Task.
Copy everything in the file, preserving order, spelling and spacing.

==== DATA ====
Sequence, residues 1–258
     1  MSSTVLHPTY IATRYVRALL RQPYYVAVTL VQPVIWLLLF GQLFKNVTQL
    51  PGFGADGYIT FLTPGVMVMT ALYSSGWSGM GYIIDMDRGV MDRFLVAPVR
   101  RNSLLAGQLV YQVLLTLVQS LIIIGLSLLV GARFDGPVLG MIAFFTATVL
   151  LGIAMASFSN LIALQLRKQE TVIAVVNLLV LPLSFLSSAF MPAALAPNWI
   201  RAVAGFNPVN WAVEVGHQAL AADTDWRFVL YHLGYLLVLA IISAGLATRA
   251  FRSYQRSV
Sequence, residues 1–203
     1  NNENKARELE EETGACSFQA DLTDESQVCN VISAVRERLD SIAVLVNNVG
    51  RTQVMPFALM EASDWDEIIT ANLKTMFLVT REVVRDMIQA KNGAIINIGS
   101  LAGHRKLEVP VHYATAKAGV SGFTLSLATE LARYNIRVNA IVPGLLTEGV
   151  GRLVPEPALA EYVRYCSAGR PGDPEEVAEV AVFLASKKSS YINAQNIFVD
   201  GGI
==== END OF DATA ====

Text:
Sequence, residues 1–258
     1  MSSTVLHPTY IATRYVRALL RQPYYVAVTL VQPVIWLLLF GQLFKNVTQL
    51  PGFGADGYIT FLTPGVMVMT ALYSSGWSGM GYIIDMDRGV MDRFLVAPVR
   101  RNSLLAGQLV YQVLLTLVQS LIIIGLSLLV GARFDGPVLG MIAFFTATVL
   151  LGIAMASFSN LIALQLRKQE TVIAVVNLLV LPLSFLSSAF MPAALAPNWI
   201  RAVAGFNPVN WAVEVGHQAL AADTDWRFVL YHLGYLLVLA IISAGLATRA
   251  FRSYQRSV
Sequence, residues 1–203
     1  NNENKARELE EETGACSFQA DLTDESQVCN VISAVRERLD SIAVLVNNVG
    51  RTQVMPFALM EASDWDEIIT ANLKTMFLVT REVVRDMIQA KNGAIINIGS
   101  LAGHRKLEVP VHYATAKAGV SGFTLSLATE LARYNIRVNA IVPGLLTEGV
   151  GRLVPEPALA EYVRYCSAGR PGDPEEVAEV AVFLASKKSS YINAQNIFVD
   201  GGI